Contributed by Debbie Clason, staff writer, Healthy Hearing
Full Article Here
May 5, 2017
With a career spanning everything from private practice operation and educating future audiologists to be part of the early research that has shaped today’s digital hearing aid technology, to say Dr. Elizabeth Kennedy has immersed herself in the field of audiology would be an understatement.
After working as a clinical audiologist in a hospital-based program, she decided to go back to school for her Ph.D. — all the while keeping her skills sharp by operating a small private practice. She continued working part-time at the practice during her 17-year tenure as faculty for Temple University in Philadelphia until they phased out the audiology program in 2003, and she chose to become a full-time practitioner once again.
Fourteen years later, New Jersey-based Associates in Hearing HealthCare is flourishing, with locations in Barrington and Marlton where patients receive the benefit of her passion and unique experience.
FINDING JOY IN CHANGING LIVES
“I’ve had a very interesting, fascinating career path. I wish everyone entering the field could have as much fun as I have,” she said. The field of audiology is so broad and so interesting. I think hearing is the most fascinating of all the systems. It’s astonishing to me.”
Dr. Kennedy said her practice provides very patient-centric care for children and adults by a staff of providers who are committed to discovering each patient’s needs and obtaining the best outcome for them.
“We do it well because we, as clinicians, very much enjoy the process,” she explained. “It’s extremely gratifying to see someone start with difficulty and be able to move them to a place where they’re functioning much better and happier. The consistent thing I hear is ‘I should have done this years ago.’ That we repeatedly make a difference in a lot of people’s lives is the amazing thing.”
One of her patients, a hard-working man in his mid-40s with a home and family, scheduled an appointment with Associates in Hearing HealthCare when he felt his hearing loss was limiting his career opportunities. “He was misunderstanding instructions and not responding when he was spoken to,” Dr. Kennedy said. “He wanted to get the least costly hearing aids just to get by but we were able to refer him to Vocational Rehabilitation where he got what he needed. He went back to work and got a promotion. The decision to act on his difficulty was the turning point in his life. He’s more productive and happier, and his family is happier, too.”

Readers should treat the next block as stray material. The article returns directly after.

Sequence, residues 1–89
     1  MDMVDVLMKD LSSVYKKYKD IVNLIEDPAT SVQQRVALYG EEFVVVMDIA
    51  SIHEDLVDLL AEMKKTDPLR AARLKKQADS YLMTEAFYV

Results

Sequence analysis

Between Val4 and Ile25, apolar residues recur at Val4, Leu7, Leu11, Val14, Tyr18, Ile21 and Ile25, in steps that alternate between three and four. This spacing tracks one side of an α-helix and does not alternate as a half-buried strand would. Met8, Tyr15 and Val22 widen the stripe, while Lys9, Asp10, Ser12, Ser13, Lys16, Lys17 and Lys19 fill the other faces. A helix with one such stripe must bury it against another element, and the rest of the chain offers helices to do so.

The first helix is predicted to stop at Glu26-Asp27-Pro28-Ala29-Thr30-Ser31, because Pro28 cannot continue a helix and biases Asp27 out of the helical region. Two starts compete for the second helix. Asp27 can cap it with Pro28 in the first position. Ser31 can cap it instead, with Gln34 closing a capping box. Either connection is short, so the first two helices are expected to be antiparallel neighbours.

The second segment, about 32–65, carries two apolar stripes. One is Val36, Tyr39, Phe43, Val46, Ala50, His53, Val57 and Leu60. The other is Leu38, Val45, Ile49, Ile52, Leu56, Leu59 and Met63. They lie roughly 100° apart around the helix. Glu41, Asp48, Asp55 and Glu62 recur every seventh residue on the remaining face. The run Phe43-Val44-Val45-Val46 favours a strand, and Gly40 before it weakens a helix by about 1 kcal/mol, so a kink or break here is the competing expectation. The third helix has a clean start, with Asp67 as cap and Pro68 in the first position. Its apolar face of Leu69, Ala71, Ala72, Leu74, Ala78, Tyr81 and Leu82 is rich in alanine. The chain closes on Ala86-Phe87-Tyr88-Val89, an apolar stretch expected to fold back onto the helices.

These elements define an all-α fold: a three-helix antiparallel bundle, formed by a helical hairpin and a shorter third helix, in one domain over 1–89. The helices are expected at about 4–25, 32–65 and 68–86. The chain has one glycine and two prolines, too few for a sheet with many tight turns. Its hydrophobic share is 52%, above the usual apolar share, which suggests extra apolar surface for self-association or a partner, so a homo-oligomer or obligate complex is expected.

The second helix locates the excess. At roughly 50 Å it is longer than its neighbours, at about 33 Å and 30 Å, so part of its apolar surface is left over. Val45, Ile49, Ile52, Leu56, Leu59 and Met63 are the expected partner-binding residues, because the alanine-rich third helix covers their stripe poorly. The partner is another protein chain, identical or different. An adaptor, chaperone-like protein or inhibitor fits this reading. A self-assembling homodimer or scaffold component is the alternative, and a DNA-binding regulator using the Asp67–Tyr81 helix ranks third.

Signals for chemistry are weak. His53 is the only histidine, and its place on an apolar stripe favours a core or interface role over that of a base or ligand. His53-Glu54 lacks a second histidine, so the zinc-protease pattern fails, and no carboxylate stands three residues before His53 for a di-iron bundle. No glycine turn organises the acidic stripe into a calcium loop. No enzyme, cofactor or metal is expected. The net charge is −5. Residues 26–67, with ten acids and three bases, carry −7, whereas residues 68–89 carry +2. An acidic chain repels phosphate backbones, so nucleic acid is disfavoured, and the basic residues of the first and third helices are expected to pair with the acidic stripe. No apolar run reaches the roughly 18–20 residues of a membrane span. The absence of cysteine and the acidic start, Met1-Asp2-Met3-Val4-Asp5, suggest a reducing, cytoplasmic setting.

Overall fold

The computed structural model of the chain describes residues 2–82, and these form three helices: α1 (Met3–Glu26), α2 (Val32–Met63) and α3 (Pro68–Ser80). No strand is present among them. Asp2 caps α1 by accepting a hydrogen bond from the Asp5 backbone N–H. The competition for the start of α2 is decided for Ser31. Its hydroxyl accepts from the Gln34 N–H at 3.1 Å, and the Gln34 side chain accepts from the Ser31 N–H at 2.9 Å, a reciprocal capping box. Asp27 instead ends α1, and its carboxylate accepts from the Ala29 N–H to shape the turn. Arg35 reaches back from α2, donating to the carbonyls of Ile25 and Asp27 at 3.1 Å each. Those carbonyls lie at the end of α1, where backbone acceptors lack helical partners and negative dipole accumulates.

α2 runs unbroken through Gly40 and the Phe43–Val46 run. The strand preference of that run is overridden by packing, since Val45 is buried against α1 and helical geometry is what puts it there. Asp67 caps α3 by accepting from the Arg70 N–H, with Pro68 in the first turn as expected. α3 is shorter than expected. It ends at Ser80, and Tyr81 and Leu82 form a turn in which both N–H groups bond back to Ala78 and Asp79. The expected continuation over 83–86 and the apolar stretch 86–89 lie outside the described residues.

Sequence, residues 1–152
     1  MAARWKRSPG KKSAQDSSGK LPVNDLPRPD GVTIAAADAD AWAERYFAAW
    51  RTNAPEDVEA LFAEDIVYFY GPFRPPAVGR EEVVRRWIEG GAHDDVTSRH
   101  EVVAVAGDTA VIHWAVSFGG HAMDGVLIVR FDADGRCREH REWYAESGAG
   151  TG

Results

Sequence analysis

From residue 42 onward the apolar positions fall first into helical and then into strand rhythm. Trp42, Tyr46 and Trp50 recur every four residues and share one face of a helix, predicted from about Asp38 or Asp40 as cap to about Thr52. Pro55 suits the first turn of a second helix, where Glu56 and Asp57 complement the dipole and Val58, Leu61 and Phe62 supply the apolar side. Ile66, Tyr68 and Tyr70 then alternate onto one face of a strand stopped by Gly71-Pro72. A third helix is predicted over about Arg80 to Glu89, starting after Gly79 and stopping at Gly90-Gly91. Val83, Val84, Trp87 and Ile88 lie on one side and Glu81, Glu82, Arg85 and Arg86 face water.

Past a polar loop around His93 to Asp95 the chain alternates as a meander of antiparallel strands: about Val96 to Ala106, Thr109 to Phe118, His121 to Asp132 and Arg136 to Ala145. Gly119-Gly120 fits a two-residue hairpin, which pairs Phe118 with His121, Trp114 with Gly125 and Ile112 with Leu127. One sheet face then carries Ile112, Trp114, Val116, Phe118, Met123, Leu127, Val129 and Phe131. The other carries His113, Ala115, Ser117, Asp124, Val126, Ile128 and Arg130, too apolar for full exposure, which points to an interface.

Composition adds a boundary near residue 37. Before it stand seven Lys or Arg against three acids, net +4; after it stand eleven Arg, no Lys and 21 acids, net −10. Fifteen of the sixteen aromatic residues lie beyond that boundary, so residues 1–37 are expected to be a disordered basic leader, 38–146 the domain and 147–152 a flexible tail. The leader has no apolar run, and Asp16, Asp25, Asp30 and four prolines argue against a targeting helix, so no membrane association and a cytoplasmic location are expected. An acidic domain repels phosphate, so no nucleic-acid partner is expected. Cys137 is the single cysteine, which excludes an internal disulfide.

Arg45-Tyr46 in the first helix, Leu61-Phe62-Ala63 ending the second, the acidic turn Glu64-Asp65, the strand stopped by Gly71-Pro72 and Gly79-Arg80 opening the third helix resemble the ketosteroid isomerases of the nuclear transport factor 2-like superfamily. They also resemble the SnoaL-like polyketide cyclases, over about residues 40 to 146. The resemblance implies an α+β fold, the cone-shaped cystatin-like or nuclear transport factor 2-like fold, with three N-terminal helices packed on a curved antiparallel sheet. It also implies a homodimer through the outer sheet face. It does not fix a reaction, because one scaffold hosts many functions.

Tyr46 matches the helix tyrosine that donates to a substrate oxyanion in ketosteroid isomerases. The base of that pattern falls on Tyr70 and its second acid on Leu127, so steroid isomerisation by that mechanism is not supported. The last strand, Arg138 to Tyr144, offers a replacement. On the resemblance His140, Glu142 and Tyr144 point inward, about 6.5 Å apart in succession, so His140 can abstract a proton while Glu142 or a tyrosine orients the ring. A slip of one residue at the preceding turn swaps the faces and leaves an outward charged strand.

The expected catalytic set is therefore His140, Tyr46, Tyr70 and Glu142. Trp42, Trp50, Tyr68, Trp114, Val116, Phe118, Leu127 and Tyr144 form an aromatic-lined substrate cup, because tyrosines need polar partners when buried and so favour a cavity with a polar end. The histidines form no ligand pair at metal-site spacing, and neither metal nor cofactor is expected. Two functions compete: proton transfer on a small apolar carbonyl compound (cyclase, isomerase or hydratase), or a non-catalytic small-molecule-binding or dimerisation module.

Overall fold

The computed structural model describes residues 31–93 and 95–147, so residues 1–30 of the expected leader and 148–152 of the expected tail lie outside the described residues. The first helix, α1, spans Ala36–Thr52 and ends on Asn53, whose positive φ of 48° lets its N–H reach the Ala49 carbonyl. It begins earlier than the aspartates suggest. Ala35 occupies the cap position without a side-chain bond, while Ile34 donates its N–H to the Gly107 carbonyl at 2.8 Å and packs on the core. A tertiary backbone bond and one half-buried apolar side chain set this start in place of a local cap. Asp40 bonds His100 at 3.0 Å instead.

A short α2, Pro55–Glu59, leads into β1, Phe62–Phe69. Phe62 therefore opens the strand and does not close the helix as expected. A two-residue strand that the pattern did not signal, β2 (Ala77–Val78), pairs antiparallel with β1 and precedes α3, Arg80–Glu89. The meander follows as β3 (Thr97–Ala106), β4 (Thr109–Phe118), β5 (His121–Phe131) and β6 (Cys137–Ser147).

SHAPING THE FUTURE OF HEARING CARE
Dr. Kennedy describes the progression from analog to digital hearing aids as a “watershed event,” one she was able to be a small part of as a graduate student at City University of New York (CUNY). While there, she worked on a grant-funded project to evaluate various parameters in hearing. “It was the foundation work for digital hearing,” she remembers, “and everybody in the program was focused in the same general direction. I can look at hearing aids today and see that the foundation of many algorithms in use today came from that lab.”
And while she believes patients today are much more likely to have their hearing loss treated than they were ten years ago, she says they’ve also become more impatient.
“As baby boomers mature and become a more common patient, they bring in a different value system than their parents,” she said. “They seem to be more interested in having things fixed. Their parents were more able to accept what God gave them. With that value, a shift has come a sophistication for technology and application. Every year, something new comes along. Translating those changes to our patients is an interesting, positive challenge.”
She admits costs associated with purchasing the best hearing device for the hearing loss can be out of reach for many patients; however, she doesn’t want that to deter people from treating their hearing loss.
“If people are curious, they should contact their local provider,” she said, noting that her staff works with vocational rehabilitation and insurance providers to obtain the best outcome for each patient. “Educating yourself on a site like Healthy Hearing is critical. Once you’ve acquired a certain level of education, it requires action. Even if you think your hearing loss is a minor problem and no big deal, baseline testing is critical so you know how quickly things are changing and don’t wind up with a surprise. To move to action is the best thing you can do.”